11. Photographer: pick one, even if you are getting married at the Court House wearing jeans! On good and bad days, for years and hopefully decades to come, it will be the day you will remember as your wedding day - so get a professional photographer to capture that special moment.
  12. Through all the decisions you may have to make alone, and your future husband sometimes not seing the point of all this fuss, you may feel a little shaky and regret your family is not around to support you - and that's ok. In the meantime, remember that as much of an emotional support your family may be, you may need emotional support BECAUSE they are around and not having to entertain anyone the day before your wedding day is priceless. If you are scared of feeling gloomy a few days before your wedding, ask a bunch of great girlfriend to organize you a bachelorette party (and mine was memorable!). You will feel loved and special and have great sets of ears to listen to your bridal stories.
  13. Lastly, the days goes so fast, do what you really like to do. I got myself a private yoga class with my favorite teacher and that helped me start the day the best way possible. I felt relaxed, happy and more than anything... ready to get married.

List of vendors:

Photographer: Agaton Strom -

Dress: Asos - 

Jacket: at Century 21

Shoes: Alfani for Macy's -

Earrings: Everli -

Bracelet: Tiffany & Co

Hair: Shannon for Foxy Salon -

Wedding ring: custom made Cobalt and Bog Oak rings by Wedgewood ring - 

Same, same, but different.

Most decisions will affect our lives, short or long term - on the latter: picking a subject at university, doing one more year of studying, accepting a first job, starting a family etc. Interestingly enough, in my early twenties, I was probably not mature enough to measure all the consequences of these important decisions and at times, made rather poor choices - and if not poor, irrationalBut out of all those decisions, I made an unusual one, compared to most of my counterparts back then: I decided to leave Paris and move to London. Yesterday was actually the 10th anniversary of that move - the 10th anniversary of what I consider being the best decision I ever made.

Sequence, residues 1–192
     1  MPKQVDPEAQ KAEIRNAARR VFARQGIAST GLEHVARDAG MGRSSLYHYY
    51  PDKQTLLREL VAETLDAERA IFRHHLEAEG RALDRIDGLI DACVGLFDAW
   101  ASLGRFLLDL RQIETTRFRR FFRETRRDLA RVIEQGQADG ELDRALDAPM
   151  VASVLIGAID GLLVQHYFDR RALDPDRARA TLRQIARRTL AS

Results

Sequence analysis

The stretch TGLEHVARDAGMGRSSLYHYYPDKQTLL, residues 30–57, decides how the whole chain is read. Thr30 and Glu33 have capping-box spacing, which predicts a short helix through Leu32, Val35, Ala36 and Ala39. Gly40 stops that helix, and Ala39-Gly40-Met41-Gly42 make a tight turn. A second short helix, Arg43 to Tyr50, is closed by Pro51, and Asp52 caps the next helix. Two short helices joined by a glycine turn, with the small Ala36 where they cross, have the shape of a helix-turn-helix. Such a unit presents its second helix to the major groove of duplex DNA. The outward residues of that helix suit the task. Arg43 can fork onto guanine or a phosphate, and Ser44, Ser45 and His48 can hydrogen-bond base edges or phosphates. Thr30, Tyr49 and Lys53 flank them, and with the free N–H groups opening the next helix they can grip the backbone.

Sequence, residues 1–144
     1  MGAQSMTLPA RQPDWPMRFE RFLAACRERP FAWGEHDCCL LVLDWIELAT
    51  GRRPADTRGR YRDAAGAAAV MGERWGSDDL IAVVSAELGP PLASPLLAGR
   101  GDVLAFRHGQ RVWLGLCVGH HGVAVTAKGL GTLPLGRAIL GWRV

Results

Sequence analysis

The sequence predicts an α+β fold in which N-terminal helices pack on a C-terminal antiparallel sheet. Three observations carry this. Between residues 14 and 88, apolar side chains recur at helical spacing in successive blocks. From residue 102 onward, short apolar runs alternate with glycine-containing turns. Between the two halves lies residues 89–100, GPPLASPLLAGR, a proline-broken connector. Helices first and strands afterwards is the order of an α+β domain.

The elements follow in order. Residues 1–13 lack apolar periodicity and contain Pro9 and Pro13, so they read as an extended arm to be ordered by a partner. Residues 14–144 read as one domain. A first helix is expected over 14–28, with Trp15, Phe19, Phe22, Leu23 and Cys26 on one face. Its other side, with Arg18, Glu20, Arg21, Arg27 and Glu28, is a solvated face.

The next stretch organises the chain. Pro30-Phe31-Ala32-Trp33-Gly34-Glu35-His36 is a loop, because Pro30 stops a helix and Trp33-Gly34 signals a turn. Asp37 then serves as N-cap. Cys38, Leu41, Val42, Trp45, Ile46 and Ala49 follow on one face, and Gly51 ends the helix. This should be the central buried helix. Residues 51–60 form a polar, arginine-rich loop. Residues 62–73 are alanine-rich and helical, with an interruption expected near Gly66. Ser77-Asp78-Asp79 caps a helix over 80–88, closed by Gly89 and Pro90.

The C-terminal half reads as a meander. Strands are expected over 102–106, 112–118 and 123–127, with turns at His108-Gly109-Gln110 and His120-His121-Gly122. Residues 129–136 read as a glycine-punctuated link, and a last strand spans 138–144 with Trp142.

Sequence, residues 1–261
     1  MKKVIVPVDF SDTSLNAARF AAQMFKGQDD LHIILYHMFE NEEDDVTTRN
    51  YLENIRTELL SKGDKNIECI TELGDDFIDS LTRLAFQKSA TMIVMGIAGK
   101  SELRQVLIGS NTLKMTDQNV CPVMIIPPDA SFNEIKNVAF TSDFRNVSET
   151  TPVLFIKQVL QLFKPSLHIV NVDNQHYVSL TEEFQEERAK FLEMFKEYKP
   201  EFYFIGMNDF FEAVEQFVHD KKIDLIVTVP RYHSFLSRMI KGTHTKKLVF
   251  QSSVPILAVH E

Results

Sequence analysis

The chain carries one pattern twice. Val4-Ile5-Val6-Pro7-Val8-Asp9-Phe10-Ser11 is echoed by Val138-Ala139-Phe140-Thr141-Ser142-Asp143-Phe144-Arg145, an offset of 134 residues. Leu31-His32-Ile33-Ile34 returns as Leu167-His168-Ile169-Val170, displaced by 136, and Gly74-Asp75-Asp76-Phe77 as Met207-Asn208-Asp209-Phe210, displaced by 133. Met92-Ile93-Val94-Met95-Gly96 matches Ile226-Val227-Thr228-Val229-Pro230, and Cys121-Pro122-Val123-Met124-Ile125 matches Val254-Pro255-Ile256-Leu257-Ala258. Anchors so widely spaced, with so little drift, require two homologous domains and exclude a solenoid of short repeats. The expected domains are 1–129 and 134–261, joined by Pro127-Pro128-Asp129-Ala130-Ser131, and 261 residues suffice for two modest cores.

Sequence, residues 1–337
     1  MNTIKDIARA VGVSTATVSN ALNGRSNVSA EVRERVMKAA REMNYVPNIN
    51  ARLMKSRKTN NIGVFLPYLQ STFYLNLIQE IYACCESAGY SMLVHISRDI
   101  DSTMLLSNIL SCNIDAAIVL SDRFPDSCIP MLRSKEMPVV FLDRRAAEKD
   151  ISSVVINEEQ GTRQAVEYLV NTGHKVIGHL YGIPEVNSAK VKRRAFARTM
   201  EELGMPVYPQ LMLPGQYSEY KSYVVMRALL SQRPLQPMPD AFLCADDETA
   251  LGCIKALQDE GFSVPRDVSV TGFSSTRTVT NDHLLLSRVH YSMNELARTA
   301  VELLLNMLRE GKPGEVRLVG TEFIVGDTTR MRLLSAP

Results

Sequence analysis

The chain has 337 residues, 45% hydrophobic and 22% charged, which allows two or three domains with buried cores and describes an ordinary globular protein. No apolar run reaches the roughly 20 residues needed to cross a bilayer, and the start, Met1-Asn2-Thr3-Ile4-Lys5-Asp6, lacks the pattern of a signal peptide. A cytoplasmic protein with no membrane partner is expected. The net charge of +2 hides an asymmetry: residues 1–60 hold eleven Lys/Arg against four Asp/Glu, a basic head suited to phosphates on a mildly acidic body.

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Cough Cough

Did I already complain about inefficient targeted ads? I think I did, yes. Yet, another one today. Not precisely about the advertisement itself but about a new product in particular that I do not really know what to think of (or know too well). 

Where did I see it? Facebook obviously. This unfortunate network where I hardly ever post anything has too few information about me that the ads sold for my lovely attention are downright boring and inefficient. As I am a white women of 33 years old (yes, skin color matters to marketers apparently), living in NY, and quite possibly in a relationship (in spite of a lack of official info on the latter, they can see pictures of me with the same guy over and over again), the ads I get are the most generic possible: clothes, jewelry, home design - engagement rings on occasion.